Capex Results Reveal a Telecom Industry on the Cusp of Change

Carl Weinschenk

Last week, Cisco reported that sales will fall short of expectations. Or, perhaps, it was reporting something more subtle: That “expectations” have changed and that a new and as yet undetermined normal will be established.

All sectors are liable to good cycles and bad. That is the nature of business. The savviest of planners, however, recognize when the change is more a transition in the business than normal cyclical ebb and flow.

The telecom hardware business seems to be knocking on the door of that permanent change. The very reason that virtualization has blossomed during the past few years is the thing that spells bad news for hardware vendors: Software-defined networks, network functions virtualization (SDN and NFV) and 5G are at some level all about reducing the need for physical assets.

That is not to suggest that capital spending is collapsing. IHS Markit is forecasting a basically flat year for telecom capex, with perhaps a small gain, according to Lightwave Online. There will be, according to Senior Research Director Stéphane Téral, some regions that are slightly ahead and others that are a bit behind. Overall, worldwide service provider capex spending will rise 0.7 percent to $341 billion by year’s end.


It is not surprising that capex is hanging on. SDN and NFV are just getting rolling on a commercialized basis and 5G is just approaching the standards-setting phase. This suggests that the middle-term future looks rough for capex – and that the present doesn’t look too good, either.

The Street provides a rundown of the generally bad news that telecom equipment vendors are experiencing. Ericsson said that its third-quarter sales would fall 14 percent. The culprit? A 19 percent drop in equipment revenue. Nokia’s core networking unit had a 12 percent third-quarter revenue drop and said it anticipates similar performance in the fourth quarter. ZTE missed its third-quarter sales numbers. Infinera released a downbeat fourth-quarter outlook.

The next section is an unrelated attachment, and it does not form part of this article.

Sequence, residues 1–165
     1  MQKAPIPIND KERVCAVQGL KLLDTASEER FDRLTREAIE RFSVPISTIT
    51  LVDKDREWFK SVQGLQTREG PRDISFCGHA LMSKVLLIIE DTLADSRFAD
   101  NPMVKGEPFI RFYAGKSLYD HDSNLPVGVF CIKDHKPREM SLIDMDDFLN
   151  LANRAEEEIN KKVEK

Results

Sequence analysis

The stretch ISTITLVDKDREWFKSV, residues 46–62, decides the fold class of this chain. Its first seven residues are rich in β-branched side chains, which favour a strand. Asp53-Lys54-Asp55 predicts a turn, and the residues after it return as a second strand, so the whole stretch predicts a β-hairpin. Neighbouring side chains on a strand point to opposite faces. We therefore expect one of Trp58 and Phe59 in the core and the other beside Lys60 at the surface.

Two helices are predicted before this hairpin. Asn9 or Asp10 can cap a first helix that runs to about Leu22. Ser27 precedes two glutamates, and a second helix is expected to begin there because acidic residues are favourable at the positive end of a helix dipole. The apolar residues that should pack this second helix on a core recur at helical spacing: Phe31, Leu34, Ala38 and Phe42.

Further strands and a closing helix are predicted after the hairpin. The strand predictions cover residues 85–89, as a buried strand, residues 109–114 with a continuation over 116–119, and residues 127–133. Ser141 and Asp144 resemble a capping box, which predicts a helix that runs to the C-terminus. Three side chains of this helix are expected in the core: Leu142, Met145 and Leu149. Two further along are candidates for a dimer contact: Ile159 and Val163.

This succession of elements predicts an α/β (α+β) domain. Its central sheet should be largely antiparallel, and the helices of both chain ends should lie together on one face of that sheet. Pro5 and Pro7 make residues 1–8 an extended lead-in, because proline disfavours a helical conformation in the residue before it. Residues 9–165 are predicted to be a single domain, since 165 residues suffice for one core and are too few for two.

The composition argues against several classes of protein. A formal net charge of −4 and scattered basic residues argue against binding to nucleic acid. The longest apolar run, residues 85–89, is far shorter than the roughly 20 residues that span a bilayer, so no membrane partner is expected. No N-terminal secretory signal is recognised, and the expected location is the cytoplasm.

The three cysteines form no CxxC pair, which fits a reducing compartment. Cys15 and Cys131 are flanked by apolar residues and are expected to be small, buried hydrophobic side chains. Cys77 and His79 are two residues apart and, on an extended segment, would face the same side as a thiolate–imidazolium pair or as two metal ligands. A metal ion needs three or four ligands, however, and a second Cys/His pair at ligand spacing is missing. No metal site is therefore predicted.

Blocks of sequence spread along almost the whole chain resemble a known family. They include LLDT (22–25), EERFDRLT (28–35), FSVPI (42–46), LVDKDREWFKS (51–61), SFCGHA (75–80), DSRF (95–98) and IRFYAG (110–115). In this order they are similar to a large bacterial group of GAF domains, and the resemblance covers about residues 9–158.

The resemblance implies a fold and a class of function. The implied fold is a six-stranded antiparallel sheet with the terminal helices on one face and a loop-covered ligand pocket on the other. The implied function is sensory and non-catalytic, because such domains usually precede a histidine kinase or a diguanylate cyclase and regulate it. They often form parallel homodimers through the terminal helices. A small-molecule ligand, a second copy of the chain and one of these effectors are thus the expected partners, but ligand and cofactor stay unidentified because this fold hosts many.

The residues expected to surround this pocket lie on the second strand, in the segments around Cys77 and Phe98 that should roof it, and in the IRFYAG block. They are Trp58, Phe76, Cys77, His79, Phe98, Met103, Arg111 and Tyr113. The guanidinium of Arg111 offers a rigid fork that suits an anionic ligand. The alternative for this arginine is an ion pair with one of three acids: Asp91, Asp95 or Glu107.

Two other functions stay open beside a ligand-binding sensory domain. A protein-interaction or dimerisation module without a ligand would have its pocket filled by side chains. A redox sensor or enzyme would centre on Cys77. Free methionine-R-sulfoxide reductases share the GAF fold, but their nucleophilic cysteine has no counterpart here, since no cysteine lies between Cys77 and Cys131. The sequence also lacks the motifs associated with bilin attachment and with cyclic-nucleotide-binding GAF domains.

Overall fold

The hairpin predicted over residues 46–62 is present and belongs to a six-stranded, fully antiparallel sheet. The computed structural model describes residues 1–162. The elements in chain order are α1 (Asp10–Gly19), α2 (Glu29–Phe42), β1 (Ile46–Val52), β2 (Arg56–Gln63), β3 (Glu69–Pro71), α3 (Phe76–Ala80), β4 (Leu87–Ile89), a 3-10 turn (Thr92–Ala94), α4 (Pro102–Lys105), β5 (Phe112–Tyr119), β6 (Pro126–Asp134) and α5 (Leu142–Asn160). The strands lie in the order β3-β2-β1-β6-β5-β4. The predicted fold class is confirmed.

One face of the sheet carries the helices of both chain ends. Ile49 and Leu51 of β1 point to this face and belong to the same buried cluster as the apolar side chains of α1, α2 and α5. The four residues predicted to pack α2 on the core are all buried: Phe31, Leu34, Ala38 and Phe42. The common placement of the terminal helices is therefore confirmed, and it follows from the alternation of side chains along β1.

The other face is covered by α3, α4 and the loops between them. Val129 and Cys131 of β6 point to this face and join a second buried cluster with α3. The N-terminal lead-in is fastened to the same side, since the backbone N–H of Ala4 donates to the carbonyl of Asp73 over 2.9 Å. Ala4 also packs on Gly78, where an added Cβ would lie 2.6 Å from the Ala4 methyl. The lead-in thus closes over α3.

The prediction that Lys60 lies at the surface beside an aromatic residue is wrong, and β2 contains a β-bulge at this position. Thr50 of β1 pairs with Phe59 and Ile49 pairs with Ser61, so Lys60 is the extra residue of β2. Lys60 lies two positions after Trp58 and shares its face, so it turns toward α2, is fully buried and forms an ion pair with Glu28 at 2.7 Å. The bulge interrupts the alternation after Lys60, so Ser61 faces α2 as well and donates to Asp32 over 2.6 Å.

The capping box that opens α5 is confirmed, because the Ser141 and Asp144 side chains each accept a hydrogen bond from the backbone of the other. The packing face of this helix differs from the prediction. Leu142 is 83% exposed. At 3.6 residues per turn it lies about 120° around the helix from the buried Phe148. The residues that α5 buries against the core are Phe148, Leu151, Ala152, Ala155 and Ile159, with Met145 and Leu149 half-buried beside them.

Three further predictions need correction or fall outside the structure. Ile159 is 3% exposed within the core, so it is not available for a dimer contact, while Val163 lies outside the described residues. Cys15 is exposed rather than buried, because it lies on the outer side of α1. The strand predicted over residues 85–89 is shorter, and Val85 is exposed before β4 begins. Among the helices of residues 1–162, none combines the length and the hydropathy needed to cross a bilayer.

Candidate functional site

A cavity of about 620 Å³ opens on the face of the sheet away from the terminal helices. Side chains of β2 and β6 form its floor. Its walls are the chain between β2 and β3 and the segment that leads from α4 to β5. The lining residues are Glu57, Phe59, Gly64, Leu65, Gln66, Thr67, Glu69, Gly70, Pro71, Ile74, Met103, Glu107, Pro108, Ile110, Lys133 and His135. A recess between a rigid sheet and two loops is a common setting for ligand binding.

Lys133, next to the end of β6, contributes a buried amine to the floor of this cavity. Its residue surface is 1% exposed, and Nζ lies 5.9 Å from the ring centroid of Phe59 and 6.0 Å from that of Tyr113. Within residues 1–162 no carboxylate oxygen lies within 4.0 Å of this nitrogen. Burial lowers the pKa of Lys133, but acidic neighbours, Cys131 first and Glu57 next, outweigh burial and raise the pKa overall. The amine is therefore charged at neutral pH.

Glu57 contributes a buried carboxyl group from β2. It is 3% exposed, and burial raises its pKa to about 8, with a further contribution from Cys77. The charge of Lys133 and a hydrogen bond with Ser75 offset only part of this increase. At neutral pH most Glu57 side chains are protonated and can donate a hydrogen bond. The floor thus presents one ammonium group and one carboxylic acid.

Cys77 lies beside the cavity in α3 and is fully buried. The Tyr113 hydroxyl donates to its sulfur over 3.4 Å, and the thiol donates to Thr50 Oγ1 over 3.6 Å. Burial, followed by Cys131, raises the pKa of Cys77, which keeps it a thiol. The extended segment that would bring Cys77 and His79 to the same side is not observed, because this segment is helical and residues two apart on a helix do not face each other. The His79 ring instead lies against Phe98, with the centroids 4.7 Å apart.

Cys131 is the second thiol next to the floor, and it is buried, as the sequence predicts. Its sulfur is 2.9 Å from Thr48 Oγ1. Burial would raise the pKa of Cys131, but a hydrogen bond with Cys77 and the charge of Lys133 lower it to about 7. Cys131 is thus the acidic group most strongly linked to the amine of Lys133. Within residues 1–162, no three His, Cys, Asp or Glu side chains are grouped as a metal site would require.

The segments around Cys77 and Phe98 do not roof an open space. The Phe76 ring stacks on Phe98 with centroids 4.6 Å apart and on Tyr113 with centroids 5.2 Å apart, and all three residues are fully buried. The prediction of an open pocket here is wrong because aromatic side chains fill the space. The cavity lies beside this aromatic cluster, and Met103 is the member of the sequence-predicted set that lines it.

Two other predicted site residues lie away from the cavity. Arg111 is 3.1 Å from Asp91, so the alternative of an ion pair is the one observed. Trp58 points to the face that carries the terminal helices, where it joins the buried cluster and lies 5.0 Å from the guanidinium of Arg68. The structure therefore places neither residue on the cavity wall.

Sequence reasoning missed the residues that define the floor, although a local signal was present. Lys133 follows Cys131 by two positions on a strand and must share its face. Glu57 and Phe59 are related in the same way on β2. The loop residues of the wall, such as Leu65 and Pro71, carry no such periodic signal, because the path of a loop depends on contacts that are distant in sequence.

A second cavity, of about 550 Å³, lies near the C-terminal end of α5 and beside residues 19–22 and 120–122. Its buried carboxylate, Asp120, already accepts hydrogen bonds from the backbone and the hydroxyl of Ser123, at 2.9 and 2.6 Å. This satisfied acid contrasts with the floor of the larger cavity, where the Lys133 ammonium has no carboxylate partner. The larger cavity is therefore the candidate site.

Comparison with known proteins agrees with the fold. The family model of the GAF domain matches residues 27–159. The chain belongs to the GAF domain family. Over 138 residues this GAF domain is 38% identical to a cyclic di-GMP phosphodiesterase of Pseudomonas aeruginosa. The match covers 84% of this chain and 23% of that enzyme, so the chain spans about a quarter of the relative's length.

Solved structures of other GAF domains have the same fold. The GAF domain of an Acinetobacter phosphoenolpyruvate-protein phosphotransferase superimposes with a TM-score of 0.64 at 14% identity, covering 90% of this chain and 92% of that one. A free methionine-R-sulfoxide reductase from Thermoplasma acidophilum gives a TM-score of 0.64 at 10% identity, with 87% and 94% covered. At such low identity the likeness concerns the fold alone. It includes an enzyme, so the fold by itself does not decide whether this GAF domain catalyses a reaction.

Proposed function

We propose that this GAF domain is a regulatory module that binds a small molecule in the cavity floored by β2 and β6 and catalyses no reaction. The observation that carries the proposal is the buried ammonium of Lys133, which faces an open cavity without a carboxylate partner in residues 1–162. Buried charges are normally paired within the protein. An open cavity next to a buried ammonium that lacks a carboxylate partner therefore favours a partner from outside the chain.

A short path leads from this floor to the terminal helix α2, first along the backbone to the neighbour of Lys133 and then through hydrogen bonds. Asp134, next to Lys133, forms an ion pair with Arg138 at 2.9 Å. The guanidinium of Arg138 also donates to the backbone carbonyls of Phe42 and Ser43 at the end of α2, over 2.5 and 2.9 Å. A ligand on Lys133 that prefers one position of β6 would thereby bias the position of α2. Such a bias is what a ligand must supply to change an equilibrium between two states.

Uncertainty over the election of Donald Trump could have an impact as well. In the CRN story on the Cisco results, CEO Chuck Robbins said that fallout from Trump’s election has not yet materialized – but could.

That would only be a short-term disrupter. The real challenge to hardware vendors is that their business is fundamentally changing in ways that they almost certainly don’t like. Sales are down now because prospective customers simply don’t want to lock themselves into a model that is on the way out. And that new model won’t be particularly kind to them, either.

The smart companies, especially those with money to spare, are preparing. For the next year or so, the industry likely will be in a transition period in which SDN and NFV become more prevalent and 5G gets finalized. Legacy gear still predominates but carriers will avoid locking themselves into equipment that is on the point of obsolescence.

Eventually, the new approaches will gain traction and a new era – one that is software-based and therefore smaller than the current hardware-dominated market – will emerge.

Carl Weinschenk covers telecom for IT Business Edge. He writes about wireless technology, disaster recovery/business continuity, cellular services, the Internet of Things, machine-to-machine communications and other emerging technologies and platforms. He also covers net neutrality and related regulatory issues. Weinschenk has written about the phone companies, cable operators and related companies for decades and is senior editor of Broadband Technology Report. He can be reached at cweinsch@optonline.net and via twitter at @DailyMusicBrk.



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